7-Component pediatric CPR model improves resuscitation of children

7-Component CPR model improves in-hospital resuscitation of children

HealthLeaders reports that a new approach to cardiopulmonary resuscitation is helping to save children’s lives at Johns Hopkins Children’s Center in Baltimore. Pediatric CPR is a challenge in the hospital setting. Every year, more than 6,000 children have in-hospital cardiac arrest and most do not survive to discharge. In 2013, Johns Hopkins Children’s Center started developing a new approach to CPR—Coaching, Objective‐Data Evaluation, Action‐linked phrases, Choreography, Ergonomics, Structured debriefing, and Simulation (CODE ACES2). The children’s hospital published research on the approach this month. Johns Hopkins Children’s Center staff can reliably start chest compressions within 10 seconds, the lead author of the research, Elizabeth Hunt, MD, MPH, PhD, told HealthLeaders recently.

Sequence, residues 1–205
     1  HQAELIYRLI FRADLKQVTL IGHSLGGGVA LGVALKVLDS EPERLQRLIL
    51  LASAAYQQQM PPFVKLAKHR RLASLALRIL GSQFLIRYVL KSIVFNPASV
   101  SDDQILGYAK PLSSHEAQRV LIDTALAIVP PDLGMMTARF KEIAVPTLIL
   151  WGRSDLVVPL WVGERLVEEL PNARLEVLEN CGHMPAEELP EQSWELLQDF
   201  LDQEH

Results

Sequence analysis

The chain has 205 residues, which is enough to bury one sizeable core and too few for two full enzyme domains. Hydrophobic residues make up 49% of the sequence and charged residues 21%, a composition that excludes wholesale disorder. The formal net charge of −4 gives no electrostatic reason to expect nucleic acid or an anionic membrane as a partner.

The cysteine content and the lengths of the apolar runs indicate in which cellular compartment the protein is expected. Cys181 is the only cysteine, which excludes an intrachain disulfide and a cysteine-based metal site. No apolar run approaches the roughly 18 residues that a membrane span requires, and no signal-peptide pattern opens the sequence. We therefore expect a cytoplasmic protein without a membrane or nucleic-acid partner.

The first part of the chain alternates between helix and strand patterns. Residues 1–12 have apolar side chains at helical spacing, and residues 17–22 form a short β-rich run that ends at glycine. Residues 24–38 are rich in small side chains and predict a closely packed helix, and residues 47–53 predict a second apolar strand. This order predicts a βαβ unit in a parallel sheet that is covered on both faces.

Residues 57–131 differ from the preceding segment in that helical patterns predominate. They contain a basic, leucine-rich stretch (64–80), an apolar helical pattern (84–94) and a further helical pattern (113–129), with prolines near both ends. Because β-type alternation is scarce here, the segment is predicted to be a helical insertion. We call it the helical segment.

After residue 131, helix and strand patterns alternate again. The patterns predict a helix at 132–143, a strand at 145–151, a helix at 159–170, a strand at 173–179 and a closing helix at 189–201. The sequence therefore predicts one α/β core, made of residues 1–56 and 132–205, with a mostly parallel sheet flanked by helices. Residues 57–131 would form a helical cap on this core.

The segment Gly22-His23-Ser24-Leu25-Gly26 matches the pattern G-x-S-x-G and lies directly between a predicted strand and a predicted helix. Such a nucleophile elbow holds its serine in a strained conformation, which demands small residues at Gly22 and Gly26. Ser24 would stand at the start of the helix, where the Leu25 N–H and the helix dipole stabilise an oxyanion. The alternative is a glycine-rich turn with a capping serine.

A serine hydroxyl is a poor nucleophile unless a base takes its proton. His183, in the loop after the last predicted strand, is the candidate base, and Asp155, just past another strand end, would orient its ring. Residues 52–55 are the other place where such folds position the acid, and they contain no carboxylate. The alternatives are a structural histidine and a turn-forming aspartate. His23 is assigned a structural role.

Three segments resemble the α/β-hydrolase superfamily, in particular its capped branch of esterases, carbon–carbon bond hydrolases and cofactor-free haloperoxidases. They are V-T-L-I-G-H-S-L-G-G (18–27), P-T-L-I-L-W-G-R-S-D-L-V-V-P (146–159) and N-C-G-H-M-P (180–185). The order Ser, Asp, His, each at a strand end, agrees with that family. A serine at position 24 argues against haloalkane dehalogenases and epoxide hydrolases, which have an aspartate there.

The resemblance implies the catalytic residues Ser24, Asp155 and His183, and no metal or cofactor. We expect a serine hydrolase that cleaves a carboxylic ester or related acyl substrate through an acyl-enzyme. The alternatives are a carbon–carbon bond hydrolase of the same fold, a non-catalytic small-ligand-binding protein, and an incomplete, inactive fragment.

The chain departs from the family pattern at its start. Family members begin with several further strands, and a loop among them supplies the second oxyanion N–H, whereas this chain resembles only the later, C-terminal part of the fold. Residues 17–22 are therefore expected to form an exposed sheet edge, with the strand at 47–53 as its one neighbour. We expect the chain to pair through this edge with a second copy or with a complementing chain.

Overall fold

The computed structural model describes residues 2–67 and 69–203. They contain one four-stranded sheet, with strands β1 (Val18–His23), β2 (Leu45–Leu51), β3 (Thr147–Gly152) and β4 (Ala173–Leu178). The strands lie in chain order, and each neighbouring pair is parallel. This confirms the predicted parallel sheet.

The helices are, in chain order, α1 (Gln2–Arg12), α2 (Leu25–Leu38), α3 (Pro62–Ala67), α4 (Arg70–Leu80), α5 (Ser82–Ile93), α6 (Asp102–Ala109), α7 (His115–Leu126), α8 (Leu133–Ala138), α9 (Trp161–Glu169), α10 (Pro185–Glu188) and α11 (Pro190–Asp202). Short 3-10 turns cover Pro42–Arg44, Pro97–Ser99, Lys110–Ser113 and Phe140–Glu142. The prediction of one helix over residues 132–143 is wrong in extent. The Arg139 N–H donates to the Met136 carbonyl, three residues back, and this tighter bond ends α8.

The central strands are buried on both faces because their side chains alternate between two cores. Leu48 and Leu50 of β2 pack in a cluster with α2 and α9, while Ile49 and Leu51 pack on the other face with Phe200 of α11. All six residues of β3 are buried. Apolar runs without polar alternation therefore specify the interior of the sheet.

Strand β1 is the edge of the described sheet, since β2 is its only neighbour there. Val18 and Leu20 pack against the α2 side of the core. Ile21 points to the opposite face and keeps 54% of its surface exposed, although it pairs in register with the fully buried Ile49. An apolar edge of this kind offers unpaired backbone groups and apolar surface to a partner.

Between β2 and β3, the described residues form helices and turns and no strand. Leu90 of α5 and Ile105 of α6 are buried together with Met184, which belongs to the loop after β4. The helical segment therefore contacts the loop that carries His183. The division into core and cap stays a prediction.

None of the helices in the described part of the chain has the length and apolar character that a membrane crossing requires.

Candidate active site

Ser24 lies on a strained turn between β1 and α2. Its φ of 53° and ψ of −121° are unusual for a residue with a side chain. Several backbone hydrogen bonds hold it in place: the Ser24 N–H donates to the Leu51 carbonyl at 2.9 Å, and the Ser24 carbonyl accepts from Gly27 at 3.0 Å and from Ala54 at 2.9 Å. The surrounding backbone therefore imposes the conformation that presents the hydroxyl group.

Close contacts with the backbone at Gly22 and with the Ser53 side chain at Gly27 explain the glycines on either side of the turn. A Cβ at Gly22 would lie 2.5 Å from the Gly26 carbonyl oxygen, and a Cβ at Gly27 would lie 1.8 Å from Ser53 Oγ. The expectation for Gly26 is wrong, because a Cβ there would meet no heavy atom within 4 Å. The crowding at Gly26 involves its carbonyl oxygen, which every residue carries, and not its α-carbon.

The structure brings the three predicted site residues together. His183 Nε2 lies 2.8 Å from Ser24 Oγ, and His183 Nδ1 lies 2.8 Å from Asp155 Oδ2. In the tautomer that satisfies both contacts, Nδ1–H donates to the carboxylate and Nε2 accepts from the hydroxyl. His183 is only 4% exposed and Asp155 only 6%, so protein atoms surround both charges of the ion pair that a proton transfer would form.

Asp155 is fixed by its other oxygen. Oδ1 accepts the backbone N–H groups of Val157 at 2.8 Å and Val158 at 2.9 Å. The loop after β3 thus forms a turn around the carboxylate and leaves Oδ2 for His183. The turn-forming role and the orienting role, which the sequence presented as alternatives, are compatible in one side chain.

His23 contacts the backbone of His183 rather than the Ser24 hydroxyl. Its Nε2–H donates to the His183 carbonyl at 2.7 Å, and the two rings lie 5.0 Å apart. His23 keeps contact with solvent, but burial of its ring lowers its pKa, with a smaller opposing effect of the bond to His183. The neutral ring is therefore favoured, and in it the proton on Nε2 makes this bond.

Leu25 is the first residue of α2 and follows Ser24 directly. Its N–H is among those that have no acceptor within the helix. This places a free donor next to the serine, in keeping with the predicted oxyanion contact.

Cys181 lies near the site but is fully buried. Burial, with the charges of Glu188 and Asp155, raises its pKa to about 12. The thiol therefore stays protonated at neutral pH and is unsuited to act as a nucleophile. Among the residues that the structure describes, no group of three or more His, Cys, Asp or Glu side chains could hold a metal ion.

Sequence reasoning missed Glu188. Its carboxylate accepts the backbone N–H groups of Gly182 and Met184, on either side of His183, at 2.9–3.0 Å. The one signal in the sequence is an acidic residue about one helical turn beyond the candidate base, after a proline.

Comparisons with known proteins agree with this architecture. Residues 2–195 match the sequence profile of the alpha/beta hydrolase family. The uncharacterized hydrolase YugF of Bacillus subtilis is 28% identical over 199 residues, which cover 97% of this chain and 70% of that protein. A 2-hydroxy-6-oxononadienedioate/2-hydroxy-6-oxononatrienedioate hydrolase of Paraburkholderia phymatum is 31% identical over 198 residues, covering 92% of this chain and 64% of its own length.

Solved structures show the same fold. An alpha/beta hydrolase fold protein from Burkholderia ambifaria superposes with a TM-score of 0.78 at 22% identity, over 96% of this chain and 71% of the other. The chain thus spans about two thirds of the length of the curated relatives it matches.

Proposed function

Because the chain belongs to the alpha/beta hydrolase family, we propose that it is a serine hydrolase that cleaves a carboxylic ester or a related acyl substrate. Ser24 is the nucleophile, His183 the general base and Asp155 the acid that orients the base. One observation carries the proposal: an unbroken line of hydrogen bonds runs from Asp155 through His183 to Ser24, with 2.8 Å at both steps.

“The idea is to teach in medicine similar to how world class chess players, athletes and musicians train—to practice the right way over and over again while getting feedback from an expert mentor. This also helps our resuscitation team to decrease variability,” said Hunt, who is director of the Johns Hopkins Medicine Simulation Center and an associate professor at Johns Hopkins University School of Medicine. Under the CODE ACES2 approach, a debriefing is held after every cardiac arrest to review challenges that the resuscitation team encountered and identify any deviations from best practices. From 2013 to 2016, more than 300 cardiac arrests were debriefed. During this period, the probability of attaining excellent CPR based on American Heart Association (AHA) compliance for rate, depth, and chest compression fraction rose from 19.9% to 44.3%.

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